Carrier links to, but does not give, the passage in question. So, I offer the text here:
(...) And concerning what Scripture says, "In this year of Jubilee you shall return, everyone of you, to your property" (Lev. 25;13) And what is also written; "And this is the manner of the remission; every creditor shall remit the claim that is held against a neighbor, not exacting it of a neighbor who is a member of the community, because God's remission has been proclaimed" (Deut.15;2) the interpretation is that it applies to the Last Days and concerns the captives, just as Isaiah said: "To proclaim the Jubilee to the captives" (Isa. 61;1) (...) just as (...) and from the inheritance of Melchizedek, for (... Melchizedek), who will return them to what is rightfully theirs. He will proclaim to them the Jubilee, thereby releasing them from the debt of all their sins. He shall proclaim this decree in the first week of the jubilee period that follows nine jubilee periods.

Then the "Day of Atonement" shall follow after the tenth jubilee period, when he shall atone for all the Sons of Light, and the people who are predestined to Melchizedek. (...) upon them (...) For this is the time decreed for the "Year of Melchizedek`s favor", and by his might he will judge God's holy ones and so establish a righteous kingdom, as it is written about him in the Songs of David; "A godlike being has taken his place in the council of God; in the midst of divine beings he holds judgement"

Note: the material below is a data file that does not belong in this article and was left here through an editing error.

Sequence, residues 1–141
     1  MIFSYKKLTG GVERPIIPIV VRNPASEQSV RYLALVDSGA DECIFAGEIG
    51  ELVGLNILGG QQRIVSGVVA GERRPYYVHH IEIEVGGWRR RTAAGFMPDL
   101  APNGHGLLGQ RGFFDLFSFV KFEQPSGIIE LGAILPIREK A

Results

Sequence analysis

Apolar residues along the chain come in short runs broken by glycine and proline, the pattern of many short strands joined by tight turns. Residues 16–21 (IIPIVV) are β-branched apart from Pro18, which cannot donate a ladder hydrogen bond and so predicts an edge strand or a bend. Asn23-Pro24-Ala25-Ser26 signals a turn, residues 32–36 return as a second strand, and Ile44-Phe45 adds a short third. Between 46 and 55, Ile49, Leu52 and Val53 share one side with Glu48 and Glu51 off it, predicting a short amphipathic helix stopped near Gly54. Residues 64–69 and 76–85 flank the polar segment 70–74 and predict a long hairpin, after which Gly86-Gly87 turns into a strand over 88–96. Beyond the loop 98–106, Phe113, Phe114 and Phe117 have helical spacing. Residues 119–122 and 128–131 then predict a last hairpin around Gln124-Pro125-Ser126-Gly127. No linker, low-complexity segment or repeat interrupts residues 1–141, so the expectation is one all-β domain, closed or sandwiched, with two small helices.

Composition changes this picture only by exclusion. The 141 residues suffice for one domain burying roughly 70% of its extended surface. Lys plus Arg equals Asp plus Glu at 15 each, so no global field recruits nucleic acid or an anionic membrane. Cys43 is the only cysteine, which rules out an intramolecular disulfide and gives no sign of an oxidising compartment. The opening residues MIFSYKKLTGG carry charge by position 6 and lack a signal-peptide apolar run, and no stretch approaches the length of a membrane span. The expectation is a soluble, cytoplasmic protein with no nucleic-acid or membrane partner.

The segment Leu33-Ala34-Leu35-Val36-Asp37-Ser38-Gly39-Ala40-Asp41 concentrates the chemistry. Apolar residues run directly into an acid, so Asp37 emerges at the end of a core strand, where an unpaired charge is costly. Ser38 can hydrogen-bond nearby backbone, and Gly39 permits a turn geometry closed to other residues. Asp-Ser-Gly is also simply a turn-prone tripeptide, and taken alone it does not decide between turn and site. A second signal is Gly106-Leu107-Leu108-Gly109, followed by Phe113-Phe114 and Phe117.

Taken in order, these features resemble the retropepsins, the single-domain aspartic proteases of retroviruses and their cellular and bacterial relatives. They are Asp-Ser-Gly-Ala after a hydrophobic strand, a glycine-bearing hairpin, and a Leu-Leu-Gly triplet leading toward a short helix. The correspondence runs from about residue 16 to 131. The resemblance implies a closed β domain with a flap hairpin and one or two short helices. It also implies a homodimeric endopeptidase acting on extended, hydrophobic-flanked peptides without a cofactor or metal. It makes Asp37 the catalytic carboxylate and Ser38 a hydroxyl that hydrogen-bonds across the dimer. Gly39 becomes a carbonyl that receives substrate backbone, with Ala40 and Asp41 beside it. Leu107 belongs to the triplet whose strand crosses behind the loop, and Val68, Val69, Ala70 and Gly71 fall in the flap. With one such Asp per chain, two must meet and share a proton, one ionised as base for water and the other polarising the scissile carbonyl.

(Ps. 82;1). Scripture also says about him; "Over it take your seat in the highest heaven; A divine being will judge the peoples" (Ps. 7;7-8) Concerning what scripture says; "How long will you judge unjustly, and show partiality with the wicked? Selah" (Ps. 82;2), the interpretation applies to Belial and the spirits predestined to him, because all of them have rebelled, turning from God's precepts and so becoming utterly wicked. Therefore Melchizedek will thoroughly prosecute the vengeance required by God's statutes. Also, he will deliver all the captives from the power of Belial, and from the power of all the spirits destined to him. Allied with him will be all the "righteous divine beings"(Isa. 61;3).